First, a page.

You can fine-tune the camera alignment and ensure good quality output by using a camera viewer or by investing in an SD card reader.
When you are able to properly combine these two features, you will be able to discover the movements of both humans and animals over a very large area.
The best strategy is to set the device to cover frequently accessed areas for humans and known travel areas and food plots for animals.
Setting up your time-lapse will make your camera to take pictures every 10-20 seconds over the first and last few hours of daylight, depending on how you set it. You might not capture every animal there, but this will make your batteries last for weeks rather than days as constant shutter clicks reduce your battery level very fast and some batteries may not even last up to a week under this condition.
Trail cameras should always be positioned away from direct sunlight. Everyone who practices photography knows that the light source should be behind the camera. If it’s in front, it’ll wash out the picture and hide the subject in shadows thereby producing blurry pictures in most cases.
Though the sun travels from east to west, it is always on the southern side of objects, at least in the northern hemisphere. This means that for clearer pictures, your camera should face north.
If you notice that most of your targets are more active in the morning, turn the camera to face northwest. If on the other hand, they are more active at dusk, the best direction to turn it will be northeast. If the direction with much sunlight is the direction where you have most animals coming in from, try to position your camera in such a way that the rays of the sunlight will not affect the quality of your photos.
The essence of getting rid of any form of scent is to prevent especially animals (usually the ones that can easily detect the smell from a very wide range like deer) from detecting your camera or scampering away. A scent-free trail camera can be achieved by following these common-sense tips:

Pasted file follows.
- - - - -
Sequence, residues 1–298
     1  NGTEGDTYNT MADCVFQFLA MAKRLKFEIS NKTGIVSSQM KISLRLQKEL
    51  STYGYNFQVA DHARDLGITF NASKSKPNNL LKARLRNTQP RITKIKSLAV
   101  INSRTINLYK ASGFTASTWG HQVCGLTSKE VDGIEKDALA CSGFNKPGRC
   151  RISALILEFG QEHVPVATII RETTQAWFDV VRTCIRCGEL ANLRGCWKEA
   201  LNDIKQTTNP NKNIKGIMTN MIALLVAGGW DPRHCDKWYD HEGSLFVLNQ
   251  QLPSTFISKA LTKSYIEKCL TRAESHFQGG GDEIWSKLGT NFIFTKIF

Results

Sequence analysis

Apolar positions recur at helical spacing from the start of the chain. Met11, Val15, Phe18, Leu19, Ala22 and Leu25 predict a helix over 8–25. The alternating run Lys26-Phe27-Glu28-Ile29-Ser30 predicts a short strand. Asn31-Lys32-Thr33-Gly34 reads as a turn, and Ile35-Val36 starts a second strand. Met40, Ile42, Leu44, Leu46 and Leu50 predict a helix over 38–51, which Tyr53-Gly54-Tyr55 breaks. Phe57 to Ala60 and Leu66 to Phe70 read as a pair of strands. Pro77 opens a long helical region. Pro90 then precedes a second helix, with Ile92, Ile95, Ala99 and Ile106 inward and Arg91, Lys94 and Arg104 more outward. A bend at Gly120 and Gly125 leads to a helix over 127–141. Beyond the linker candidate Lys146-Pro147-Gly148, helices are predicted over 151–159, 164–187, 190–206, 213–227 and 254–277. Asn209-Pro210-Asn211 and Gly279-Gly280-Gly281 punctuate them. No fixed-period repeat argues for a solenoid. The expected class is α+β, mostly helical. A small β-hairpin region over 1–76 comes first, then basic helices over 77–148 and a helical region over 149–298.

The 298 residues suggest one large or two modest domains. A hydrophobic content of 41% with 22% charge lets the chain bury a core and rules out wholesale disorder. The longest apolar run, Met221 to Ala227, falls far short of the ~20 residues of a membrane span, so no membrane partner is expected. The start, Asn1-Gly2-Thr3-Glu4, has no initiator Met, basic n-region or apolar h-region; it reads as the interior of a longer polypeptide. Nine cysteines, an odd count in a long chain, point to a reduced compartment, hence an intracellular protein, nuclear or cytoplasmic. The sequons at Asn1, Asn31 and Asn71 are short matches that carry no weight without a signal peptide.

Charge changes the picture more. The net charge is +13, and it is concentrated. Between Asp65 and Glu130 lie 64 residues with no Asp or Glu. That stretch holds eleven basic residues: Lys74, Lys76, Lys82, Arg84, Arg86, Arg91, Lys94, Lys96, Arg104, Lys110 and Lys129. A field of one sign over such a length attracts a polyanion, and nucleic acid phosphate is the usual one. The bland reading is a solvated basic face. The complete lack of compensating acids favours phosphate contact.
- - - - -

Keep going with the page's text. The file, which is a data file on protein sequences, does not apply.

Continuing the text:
- If you wish, spray the camera with your favorite scent eliminator, and wipe off with a clean towel. Try not to let any moisture come in contact with the lens or you will end up with blurry pictures.
- When touching and setting up the camera, try to use scent-free neoprene gloves to reduce the human odors on the housing and mounts.
- When you go back out to check your cameras, make use of the same neoprene gloves as well and wipe them down again with the scent eliminator spray.
Note: A rubber boot can help reduce any form of human scent so it is always advisable to wear one when checking up on your cameras.
During raining season, the possibility of animals detecting human scent is very rare because rain naturally eliminates human scents by knocking particulate in the air down to the ground, this efficiently gets rid of much of your scent trail.
It is important to know that paying closer attention to the wind direction when you visit your cameras in the rain will be helpful, and you still need to practice the scent control methods highlighted above.
It is necessary to develop a photo organization system because if you keep checking your cameras every 3 or 4 weeks, you will have a lot of pictures to evaluate.
The more cameras you use around your property or for animal/game watching or hunting, the more important it is to develop a way of organizing them. Good organization leads to better patterning and will enable you to study the peculiar habits and tendencies of your target.
Below are some tips on how to organize your photos:
- It is necessary to use 2 SD cards for each camera, with matching numbers written on the cameras and cards. The essence of this is to help you can swap SD cards in and out easily and download them to your computer at home. Another way is to use a cheap laptop to download each SD card so that photos there can be stored in the laptop then place the SD cards back to the camera.
- Use a folder system to create a directory on your computer. It can go in this format: Property > Camera Number > Date.
- Store only the images of humans or animals that you want to keep track of overtime.
- If possible, keep time-lapses only if there is evidence of one of your targets in it.
Note: In case you find any of the above too complicated or time–consuming, there are now trail camera software options as well as smartphone hunting apps that make managing your photos more efficient and help you to analyze and pattern your targeted animal. Simply search for them using your preferred search engine.
Black also means no-glow flash. Flashes on trail cameras use a pulse of white light that could startle and blind deer. Standard infrared cameras use a burst of red light to see the target at night.